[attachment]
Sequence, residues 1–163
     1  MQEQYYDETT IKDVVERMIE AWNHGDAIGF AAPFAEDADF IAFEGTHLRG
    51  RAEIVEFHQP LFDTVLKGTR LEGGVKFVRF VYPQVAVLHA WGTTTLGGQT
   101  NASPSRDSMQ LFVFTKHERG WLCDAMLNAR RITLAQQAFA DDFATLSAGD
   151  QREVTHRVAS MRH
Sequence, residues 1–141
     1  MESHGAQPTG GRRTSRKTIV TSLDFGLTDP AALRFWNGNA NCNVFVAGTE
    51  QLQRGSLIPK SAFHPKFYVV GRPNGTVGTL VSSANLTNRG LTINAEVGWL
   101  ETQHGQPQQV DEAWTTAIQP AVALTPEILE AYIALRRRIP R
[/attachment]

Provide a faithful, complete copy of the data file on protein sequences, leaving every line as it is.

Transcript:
Sequence, residues 1–163
     1  MQEQYYDETT IKDVVERMIE AWNHGDAIGF AAPFAEDADF IAFEGTHLRG
    51  RAEIVEFHQP LFDTVLKGTR LEGGVKFVRF VYPQVAVLHA WGTTTLGGQT
   101  NASPSRDSMQ LFVFTKHERG WLCDAMLNAR RITLAQQAFA DDFATLSAGD
   151  QREVTHRVAS MRH
Sequence, residues 1–141
     1  MESHGAQPTG GRRTSRKTIV TSLDFGLTDP AALRFWNGNA NCNVFVAGTE
    51  QLQRGSLIPK SAFHPKFYVV GRPNGTVGTL VSSANLTNRG LTINAEVGWL
   101  ETQHGQPQQV DEAWTTAIQP AVALTPEILE AYIALRRRIP R